The most critical thing about current eating habits are

  1. Timing of the meals
  2. Type of meals

There is no point in taking note of a meal on its own you need to understand the timing as well, both are vitally important, especially if you are an athlete and need to fit in meals around your training regime as well.

Next is to cut out the bad. I don’t mean do this overnight. If 80% of your diet is bad and you immediately cut that 80% what are you going to put in its place? I mean slowly replace the bad with some good health options. As an example if you eat processed oats, then go with a wholegrain or rolled. If you eat wheat bread then switch to a 100% rye.

 

“But that’s NOT LCHF dieting, you still eating grains!” I was shouted at once. “Seriously? I didn’t know that”J.

There are not many people in this world that unless they have incredible determination and willpower will be able to make the switch overnight. Also I need to say this, if your current eating regime is unhealthy and a mess then no drastic changes will work for you. If you want to adopt a proper sustainable way of eating, then get the meals healthier, get the bad out and get the routine correct. Then only do we move to the next step which is changing the percentages of the eating game.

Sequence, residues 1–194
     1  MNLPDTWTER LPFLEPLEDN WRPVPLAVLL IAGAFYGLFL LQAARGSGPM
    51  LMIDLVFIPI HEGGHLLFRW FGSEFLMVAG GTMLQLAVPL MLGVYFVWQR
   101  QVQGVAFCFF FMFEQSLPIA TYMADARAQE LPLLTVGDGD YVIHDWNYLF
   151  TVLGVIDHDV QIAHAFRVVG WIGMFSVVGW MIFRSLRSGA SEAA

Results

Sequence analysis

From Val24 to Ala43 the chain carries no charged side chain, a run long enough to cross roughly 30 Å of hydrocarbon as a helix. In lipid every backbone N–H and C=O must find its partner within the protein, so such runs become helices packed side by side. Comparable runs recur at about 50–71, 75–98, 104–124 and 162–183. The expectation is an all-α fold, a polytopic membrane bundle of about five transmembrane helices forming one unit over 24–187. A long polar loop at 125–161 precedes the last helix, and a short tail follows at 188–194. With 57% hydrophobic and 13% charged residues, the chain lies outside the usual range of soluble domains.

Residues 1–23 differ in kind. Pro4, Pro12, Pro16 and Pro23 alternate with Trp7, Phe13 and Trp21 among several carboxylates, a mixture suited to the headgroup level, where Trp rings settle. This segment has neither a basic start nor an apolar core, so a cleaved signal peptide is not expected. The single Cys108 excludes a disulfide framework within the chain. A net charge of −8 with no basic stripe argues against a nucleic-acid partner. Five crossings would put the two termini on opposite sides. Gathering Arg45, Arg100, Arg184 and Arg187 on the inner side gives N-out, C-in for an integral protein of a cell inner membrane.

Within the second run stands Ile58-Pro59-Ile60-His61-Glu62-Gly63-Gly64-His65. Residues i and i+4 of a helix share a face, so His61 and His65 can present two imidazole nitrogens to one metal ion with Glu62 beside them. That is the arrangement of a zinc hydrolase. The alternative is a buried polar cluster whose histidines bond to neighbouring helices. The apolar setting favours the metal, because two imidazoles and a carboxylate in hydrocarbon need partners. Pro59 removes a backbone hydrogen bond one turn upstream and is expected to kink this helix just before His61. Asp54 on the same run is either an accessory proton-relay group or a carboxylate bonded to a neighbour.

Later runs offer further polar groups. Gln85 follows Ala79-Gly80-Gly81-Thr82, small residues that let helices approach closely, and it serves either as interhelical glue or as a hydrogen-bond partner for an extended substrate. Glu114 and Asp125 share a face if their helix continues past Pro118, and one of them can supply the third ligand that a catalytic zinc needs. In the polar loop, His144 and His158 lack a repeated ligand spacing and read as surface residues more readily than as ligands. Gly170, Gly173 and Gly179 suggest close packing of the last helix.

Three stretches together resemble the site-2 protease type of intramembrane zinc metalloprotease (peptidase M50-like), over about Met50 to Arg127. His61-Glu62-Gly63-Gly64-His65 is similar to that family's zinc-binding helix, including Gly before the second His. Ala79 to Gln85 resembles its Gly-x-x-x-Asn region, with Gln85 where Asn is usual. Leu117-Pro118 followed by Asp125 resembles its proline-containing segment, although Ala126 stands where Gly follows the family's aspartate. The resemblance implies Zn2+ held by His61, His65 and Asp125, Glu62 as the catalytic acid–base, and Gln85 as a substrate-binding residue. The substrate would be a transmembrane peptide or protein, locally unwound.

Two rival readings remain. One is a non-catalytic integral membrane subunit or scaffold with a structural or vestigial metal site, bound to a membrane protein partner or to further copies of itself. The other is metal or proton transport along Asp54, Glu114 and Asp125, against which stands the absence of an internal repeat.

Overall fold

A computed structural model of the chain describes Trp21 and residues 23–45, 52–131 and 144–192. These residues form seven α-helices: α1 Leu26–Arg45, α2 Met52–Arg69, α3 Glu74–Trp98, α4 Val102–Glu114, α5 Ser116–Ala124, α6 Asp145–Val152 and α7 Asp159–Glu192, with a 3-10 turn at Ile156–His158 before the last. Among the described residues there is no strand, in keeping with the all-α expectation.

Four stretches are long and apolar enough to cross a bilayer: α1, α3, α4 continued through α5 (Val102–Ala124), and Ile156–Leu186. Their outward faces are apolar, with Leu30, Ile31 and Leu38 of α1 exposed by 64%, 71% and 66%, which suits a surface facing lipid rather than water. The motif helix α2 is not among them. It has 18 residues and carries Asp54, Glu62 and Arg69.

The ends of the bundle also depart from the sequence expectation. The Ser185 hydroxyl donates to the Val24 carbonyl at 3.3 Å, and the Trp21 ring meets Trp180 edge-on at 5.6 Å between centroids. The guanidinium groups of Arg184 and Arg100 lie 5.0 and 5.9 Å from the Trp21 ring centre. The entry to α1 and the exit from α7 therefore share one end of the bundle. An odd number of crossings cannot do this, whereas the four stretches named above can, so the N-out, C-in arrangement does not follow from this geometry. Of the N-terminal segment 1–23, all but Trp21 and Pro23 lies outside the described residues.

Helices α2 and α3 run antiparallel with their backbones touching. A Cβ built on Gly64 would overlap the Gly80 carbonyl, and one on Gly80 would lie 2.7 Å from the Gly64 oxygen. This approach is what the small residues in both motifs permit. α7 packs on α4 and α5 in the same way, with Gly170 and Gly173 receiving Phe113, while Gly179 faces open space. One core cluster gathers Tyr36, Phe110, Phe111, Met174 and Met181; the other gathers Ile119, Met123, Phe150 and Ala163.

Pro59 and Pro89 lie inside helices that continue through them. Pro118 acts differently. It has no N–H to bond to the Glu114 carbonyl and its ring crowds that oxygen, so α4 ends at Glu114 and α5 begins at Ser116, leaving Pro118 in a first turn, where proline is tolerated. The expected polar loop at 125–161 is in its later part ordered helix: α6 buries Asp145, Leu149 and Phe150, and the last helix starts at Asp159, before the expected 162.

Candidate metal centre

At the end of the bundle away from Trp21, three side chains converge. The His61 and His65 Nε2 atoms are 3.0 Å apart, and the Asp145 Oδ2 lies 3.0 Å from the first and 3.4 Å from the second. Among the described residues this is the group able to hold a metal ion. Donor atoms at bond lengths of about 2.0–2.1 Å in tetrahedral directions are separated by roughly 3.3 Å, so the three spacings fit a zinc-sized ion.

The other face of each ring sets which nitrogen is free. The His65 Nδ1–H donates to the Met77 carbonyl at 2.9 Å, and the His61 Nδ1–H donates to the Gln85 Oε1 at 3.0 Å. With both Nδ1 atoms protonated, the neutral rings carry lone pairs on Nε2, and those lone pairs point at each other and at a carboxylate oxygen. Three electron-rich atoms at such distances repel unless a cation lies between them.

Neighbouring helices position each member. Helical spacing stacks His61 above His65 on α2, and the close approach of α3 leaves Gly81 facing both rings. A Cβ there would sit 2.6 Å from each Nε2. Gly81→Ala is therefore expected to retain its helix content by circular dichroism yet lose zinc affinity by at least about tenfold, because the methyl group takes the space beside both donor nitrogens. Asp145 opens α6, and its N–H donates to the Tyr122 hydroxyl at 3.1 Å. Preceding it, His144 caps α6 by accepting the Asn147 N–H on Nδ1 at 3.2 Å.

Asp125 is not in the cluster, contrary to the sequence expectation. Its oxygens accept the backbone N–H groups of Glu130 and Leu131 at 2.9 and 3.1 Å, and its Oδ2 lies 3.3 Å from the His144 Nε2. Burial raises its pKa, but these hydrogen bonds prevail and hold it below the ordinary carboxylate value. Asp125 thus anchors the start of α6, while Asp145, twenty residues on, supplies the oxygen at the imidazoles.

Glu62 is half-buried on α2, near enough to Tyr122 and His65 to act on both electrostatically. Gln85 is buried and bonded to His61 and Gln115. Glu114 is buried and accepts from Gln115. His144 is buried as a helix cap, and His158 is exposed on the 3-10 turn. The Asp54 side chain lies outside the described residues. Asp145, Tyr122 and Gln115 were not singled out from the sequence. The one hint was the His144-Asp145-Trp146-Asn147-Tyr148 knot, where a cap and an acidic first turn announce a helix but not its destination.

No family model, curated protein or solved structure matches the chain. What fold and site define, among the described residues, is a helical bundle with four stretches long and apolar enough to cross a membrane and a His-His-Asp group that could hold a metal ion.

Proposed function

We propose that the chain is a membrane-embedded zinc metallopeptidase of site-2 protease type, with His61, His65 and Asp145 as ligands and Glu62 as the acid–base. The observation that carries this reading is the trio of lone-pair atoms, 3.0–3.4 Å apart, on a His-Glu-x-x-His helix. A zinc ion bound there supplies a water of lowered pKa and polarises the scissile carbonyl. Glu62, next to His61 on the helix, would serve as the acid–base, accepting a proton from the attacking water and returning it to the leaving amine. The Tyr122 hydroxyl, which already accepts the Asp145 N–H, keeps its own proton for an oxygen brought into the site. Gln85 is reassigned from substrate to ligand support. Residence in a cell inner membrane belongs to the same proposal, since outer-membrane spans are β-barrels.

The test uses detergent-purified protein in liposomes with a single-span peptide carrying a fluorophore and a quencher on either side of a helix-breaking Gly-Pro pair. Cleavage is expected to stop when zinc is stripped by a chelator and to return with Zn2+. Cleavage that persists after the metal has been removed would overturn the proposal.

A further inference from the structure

I often see people who eat 6-8 healthy meals a day then switch to a LCHF diet where they are still eating 6-8 meals a day. This can be a dangerous exercise, especially when I notice that most have upped their calorie intake from 1500-2000 a day all of a sudden to 3000 or higher. This is why habits and changes to the body need to be made gradually for optimum success.